Just ordered one. Will let you know how it goes.
I have been studying the interaction between simple one-channel AIS receivers and most Class B transponders, and the results are a bit concerning, if my data and observations are true.
I have been using an SDR for spectrum analysis, and a dAISY programmed for single-channel-only mode to look at some real life data.
1. I find that most (all?) single
channel receivers only switch channels when they detect an error on receive, usually due to transient noise
2. I also find that many Class B transponders transmit on only one of the authorized TX channels, most of the time. They are supposed to alternate channels for "periodic repeated" messages, but they don't all seem to do this.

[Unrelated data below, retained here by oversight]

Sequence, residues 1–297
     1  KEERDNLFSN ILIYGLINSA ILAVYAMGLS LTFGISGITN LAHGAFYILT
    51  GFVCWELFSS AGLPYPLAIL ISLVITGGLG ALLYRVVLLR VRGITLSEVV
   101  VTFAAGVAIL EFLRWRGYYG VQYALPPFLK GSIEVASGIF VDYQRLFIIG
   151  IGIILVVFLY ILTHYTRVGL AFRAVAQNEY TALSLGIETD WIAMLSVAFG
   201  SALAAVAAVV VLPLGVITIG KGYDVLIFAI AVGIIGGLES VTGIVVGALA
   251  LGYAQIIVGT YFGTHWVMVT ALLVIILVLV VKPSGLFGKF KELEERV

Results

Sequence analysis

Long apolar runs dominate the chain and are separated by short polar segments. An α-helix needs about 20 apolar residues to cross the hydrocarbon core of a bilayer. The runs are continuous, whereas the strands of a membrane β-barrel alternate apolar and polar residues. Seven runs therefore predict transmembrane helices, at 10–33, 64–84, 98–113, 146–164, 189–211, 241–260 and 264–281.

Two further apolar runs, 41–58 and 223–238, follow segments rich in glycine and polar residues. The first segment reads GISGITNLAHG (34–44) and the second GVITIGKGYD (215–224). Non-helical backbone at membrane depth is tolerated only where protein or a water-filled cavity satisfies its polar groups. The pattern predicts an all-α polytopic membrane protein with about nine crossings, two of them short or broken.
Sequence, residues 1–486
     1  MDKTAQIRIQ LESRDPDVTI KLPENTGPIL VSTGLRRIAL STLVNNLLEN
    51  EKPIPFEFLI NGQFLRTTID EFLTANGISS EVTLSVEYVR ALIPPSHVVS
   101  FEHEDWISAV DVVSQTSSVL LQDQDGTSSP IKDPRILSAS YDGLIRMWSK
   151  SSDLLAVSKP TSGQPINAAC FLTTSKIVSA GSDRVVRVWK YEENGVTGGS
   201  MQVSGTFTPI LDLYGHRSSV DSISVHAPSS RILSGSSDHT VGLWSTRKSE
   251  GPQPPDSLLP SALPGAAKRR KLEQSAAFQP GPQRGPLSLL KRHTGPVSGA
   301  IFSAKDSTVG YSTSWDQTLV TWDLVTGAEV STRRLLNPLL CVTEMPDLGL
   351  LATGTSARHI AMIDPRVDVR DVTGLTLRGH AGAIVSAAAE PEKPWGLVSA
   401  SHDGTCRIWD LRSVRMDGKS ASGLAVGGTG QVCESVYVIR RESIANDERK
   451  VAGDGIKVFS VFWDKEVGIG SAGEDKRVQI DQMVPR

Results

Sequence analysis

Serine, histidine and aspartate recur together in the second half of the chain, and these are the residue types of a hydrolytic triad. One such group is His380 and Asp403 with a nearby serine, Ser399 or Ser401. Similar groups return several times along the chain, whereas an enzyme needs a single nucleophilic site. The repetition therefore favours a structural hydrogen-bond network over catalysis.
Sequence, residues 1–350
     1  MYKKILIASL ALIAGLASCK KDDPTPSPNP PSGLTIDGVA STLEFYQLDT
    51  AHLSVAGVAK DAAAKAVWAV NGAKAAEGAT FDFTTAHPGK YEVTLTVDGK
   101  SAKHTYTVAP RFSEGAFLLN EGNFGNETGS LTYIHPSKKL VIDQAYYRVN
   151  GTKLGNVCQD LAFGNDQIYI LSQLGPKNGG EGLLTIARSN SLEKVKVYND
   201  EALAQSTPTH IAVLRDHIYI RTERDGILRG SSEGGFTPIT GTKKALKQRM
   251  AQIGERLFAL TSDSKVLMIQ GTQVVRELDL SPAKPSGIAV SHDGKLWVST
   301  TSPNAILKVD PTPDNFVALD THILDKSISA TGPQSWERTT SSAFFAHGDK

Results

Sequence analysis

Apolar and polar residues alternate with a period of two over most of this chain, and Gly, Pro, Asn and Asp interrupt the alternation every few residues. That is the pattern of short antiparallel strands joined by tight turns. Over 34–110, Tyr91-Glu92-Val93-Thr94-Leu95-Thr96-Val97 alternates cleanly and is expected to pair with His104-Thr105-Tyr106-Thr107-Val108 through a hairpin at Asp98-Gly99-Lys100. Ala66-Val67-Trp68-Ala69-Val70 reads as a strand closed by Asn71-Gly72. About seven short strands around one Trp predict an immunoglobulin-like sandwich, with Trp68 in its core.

Result: If I am listening on Channel 1, and your transponder is stuck on Channel 2 for a long time, I may never see you. Or it may take a very long time (multiple minutes). This problem is exacerbated by the long reporting period and subordinate network access methods of Class B transponders.
So, in short, I'm beginning to conclude that the utility of Class B for inshore work
to be compromised and sometimes dangerously misleading for collision
avoidance. This does not mean that the utility for offshore
avoidance is null. It just means that one should not rely exclusively on AIS-B for close-in navigation
But we knew that already....